Ever consider monitoring the air quality of your home? With the cost of sensors coming way down, it’s becoming easier and easier to build devices to monitor pretty much anything and everything. [AirBoxLab] just released open-source designs of an all-in-one indoor air quality monitor, and it looks pretty fantastic.
Capable of monitoring Volatile Organic Compounds (VOCs), basic particulate matter, carbon dioxide, temperature and humidity, it takes care of the basic metrics to measure the air quality of a room.
All of the files you’ll need are shared freely on their GitHub, including their CAD — but what’s really awesome is reading back through their blog on the design and manufacturing process as they took this from an idea to a full fledged open-source device.
Did we mention you can add your own sensors quite easily? Extra ports for both I2C and analog sensors are available, making it a rather attractive expandable home sensor hub.
To keep the costs down on their kits, [AirBoxLab] relied heavily on laser cutting as a form of rapid manufacturing without the need for expensive tooling. The team also used some 3D printed parts. Looking at the finished device, we have to say, we’re impressed. It would look at home next to a Nest or Amazon Echo. Alternatively if you want to mess around with individual sensors and a Raspberry Pi by yourself, you could always make one of these instead.
15 thoughts on “Watch Those VOCs! Open Source Air Quality Monitor”
Perhaps it’s an oversight or miscommunication but the only sensor listed in the BOM is the Temp/Humidity sensor. Along with an accelerometer, which seems odd for a device designed to be stationary.
If the rest of the sensors have yet to be released it seems a bit disingenuous to advertize them as working features. If they have been released, the BOM needs updated to reflect the supported hardware.
Some claims about the measuring range would be helpful too. If it’s only accurate to the regulated work exposure limits of VOCs and particulates that would be less useful for someone looking to do any sort of long term study, or even just for those who want to ‘collect the all the data’, since work limits are significantly higher than people should be living under. The website is IMO heavy on design and marketing aspects and light on technical details.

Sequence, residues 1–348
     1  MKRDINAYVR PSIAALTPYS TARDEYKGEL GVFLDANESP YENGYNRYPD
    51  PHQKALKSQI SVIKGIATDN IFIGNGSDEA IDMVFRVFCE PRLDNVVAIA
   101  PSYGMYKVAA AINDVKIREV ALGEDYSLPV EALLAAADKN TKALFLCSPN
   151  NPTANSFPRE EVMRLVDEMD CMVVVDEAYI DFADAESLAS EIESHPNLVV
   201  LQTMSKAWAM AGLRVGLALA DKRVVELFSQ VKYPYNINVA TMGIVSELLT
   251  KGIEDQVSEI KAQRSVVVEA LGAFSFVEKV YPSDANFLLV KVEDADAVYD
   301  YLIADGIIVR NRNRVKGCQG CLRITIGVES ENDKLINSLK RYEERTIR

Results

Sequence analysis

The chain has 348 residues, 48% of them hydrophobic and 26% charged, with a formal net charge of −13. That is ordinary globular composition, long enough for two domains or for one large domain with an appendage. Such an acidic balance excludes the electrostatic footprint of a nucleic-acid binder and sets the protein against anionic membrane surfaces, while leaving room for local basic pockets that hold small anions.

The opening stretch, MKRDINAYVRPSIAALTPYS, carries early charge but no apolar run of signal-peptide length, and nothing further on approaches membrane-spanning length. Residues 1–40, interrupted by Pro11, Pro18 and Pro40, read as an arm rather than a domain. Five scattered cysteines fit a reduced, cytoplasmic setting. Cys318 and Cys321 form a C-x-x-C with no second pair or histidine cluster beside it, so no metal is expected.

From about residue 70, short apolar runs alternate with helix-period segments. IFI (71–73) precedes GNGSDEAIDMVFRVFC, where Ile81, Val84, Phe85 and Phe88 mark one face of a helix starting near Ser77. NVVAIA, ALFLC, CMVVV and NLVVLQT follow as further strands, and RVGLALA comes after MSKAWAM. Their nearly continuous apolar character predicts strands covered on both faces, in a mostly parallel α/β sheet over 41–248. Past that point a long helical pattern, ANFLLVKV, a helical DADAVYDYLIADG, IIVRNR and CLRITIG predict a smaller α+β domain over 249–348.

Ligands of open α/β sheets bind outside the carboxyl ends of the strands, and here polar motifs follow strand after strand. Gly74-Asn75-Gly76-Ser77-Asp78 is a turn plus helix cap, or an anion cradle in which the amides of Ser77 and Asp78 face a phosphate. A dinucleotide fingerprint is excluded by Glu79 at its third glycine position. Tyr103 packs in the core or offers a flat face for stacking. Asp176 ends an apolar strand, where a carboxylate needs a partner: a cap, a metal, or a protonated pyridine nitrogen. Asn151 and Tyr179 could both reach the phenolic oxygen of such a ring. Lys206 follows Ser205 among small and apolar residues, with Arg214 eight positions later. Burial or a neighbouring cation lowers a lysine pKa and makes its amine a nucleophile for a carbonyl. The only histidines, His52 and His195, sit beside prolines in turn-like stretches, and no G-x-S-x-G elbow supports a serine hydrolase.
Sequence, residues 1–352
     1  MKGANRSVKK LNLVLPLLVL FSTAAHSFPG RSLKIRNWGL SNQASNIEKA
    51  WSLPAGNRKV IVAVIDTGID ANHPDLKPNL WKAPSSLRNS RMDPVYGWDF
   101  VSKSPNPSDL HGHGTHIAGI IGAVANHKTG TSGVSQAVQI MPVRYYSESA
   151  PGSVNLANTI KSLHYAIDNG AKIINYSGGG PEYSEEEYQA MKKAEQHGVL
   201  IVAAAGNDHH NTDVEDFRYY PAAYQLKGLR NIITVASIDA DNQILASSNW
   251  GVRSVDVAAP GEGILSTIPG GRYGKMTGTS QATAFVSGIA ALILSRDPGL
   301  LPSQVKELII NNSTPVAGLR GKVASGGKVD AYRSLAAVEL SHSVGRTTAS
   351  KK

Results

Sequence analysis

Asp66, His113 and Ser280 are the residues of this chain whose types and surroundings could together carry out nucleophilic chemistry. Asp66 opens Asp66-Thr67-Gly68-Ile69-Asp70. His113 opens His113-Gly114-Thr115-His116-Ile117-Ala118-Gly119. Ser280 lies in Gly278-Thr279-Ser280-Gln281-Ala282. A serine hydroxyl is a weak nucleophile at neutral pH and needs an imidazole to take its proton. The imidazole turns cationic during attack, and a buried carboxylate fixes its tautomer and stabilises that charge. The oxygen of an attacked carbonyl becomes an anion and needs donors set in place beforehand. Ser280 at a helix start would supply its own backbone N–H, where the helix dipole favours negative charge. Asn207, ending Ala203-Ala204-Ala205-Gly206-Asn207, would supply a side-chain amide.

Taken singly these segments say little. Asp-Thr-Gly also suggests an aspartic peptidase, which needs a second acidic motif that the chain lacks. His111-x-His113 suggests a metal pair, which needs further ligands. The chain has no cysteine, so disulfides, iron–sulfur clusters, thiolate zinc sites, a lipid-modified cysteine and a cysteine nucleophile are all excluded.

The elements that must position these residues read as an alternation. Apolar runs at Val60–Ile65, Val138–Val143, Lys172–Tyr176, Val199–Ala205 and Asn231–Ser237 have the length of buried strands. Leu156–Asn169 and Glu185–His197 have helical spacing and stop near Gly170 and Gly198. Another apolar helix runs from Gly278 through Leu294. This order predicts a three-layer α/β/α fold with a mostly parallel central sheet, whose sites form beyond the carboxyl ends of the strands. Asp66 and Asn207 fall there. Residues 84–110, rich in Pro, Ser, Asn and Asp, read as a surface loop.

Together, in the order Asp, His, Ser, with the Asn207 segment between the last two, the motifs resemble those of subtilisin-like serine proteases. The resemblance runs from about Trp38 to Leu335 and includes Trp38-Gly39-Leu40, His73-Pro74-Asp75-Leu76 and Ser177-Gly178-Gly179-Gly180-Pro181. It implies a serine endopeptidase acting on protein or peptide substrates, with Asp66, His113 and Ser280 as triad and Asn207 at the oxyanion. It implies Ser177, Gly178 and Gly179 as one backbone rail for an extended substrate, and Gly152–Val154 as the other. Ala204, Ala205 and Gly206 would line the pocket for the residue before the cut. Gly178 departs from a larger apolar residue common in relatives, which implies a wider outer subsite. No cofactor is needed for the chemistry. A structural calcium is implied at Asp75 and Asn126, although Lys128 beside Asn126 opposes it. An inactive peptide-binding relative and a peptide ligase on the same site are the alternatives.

But it’s open source, that cures all evils (apparently).
I’m glad I wasn’t the only one wondering what the accelerometer was for. Earthquakes?
I think it replace a switch. All this is over engineered, what the need for a second cpu and a so complex power supply ?
Anyway the sensor used for the main function, air quality, is bad.
If you were to move the device to another room it would make sense to clear any averaging data?
Maybe also to not perform additional sensor sampling while being moved, because data would likely be invalid until it is placed in new location?
Actually, just a case of not reading the relevant articles.
In the demo video they clearly are using tap detection for user input.
Somehow I completely missed the demo video, it makes sense now, thanks! :)
If they used a microphone as an ambient noise sensor, it could do knock detection.
Or use a cheap piezo like everyone else does (which also doubles as a speaker, well beeper anyway).
But accelerometer because reasons. (And the reason is there’s an Arduino library for that.) (We should have a contest for the first person to wire a RGB LED to an Arduino and make it change colour when tapped.) (Underwhelmed by the ‘demo’ video….)
Hello, thank you so much for pointing that out!
You are right I forgot to add sensors to last BOM! Though it’s in schematics, CAD, code and on all assembly photos, so yes it is perfectly supported and not a “soon to come feature”.